Highlighted
Absent Member.
Absent Member.
135 views

[archive] Calling text program with switch

[Migrated content. Thread originally posted on 31 March 2008]

Migrating from text to graphics.
Creating graphical menu system. When calling a program that has a switch " call programname/n" the program can't be found. ( looks for the program name with slash). When I call using "call program programname/n" the program is found and runs.

Ideally, I would leave the menu system up to call the next program, but "call program" terminates the menu system, and "call" by itself doesn't seem to work with switches.

1. How do I destroy a text screen from within a text program?

2. Is there a way to just "call" with a switch and work?

3. Is there a way to leave the menu program up and active so I can open up multiple called text programs?

Thanks.
0 Likes
1 Reply
Highlighted
Absent Member.
Absent Member.

RE: [archive] Calling text program with switch

1. How do I destroy a text screen from within a text program?
Display a floating window then call the program which display a text screen, if you destroy the floating window it will destroy text screen also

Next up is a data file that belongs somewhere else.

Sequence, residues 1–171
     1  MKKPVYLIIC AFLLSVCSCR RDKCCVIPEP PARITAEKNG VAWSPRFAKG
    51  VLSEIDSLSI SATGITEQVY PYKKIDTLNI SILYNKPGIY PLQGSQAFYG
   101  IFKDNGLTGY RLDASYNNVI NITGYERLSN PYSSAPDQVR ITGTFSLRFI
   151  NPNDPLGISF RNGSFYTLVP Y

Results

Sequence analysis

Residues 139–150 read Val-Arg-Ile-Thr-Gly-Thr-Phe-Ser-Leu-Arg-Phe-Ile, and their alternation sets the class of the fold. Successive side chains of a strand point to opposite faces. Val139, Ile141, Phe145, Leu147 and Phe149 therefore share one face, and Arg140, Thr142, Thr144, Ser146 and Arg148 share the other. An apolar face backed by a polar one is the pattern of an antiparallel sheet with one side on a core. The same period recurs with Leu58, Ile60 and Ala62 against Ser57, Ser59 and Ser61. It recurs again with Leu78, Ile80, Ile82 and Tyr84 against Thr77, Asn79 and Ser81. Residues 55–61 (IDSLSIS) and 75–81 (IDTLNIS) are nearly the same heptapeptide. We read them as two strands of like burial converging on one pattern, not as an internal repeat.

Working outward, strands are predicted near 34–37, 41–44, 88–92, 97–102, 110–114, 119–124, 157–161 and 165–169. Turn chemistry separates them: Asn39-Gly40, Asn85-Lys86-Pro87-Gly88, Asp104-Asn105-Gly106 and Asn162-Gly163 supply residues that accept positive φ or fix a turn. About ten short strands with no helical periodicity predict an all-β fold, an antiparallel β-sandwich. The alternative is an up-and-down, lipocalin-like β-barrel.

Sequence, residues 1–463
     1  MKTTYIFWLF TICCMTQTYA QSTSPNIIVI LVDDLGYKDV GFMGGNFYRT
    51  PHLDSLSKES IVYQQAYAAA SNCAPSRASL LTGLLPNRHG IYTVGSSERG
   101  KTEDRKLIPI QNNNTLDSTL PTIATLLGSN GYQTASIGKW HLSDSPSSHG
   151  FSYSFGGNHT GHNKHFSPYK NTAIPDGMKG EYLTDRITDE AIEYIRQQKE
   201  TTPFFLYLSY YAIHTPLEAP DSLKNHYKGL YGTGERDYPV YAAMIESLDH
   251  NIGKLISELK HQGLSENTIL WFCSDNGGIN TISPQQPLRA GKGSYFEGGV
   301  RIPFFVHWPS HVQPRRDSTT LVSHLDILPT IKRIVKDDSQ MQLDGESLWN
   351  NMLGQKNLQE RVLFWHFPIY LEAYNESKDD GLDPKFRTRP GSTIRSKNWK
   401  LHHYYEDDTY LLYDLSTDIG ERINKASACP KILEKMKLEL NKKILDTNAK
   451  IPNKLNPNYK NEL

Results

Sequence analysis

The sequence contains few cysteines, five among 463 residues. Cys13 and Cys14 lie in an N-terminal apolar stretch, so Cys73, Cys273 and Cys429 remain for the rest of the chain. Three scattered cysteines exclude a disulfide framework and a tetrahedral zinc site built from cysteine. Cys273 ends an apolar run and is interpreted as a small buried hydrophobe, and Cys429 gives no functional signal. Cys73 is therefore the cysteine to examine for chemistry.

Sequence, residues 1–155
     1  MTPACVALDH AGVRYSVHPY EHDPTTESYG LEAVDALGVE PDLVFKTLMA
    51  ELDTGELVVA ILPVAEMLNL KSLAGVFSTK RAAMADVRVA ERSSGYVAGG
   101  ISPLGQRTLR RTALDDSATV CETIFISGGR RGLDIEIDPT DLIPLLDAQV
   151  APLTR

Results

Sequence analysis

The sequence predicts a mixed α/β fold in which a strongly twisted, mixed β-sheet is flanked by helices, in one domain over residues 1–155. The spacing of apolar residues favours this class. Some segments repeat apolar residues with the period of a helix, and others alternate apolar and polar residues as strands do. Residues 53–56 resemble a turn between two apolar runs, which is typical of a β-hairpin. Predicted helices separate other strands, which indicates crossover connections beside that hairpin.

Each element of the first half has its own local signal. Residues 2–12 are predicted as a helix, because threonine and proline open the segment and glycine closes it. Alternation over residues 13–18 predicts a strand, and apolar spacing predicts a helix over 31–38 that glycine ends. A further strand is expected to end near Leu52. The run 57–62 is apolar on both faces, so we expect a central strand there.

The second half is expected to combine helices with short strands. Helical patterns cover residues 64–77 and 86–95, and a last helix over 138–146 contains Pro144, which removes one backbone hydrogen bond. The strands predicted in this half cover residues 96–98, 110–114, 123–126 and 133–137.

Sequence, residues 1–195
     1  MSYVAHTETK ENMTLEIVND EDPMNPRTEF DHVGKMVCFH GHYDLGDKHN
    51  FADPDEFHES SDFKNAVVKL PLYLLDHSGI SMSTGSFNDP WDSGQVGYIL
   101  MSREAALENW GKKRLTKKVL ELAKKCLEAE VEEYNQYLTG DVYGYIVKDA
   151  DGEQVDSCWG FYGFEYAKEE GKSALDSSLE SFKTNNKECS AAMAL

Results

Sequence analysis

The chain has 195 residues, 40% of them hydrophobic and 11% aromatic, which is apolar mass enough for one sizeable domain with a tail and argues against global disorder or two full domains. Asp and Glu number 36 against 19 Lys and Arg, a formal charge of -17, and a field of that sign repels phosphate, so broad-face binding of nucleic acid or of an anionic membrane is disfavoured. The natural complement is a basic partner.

2. Is there a way to just "call" with a switch and work?
If this switch is define in special-names, then you can redefine it as
SWITCH-1 IS SW-1 ON IS SW-1-ON
then set it on by
set sw-1 to on.
before calling program.

3. Is there a way to leave the menu program up and active so I can open up multiple called text programs?

Yes, you need to call the programs in a thread. So that called programs are running independent of your menu.
0 Likes
The opinions expressed above are the personal opinions of the authors, not of Micro Focus. By using this site, you accept the Terms of Use and Rules of Participation. Certain versions of content ("Material") accessible here may contain branding from Hewlett-Packard Company (now HP Inc.) and Hewlett Packard Enterprise Company. As of September 1, 2017, the Material is now offered by Micro Focus, a separately owned and operated company. Any reference to the HP and Hewlett Packard Enterprise/HPE marks is historical in nature, and the HP and Hewlett Packard Enterprise/HPE marks are the property of their respective owners.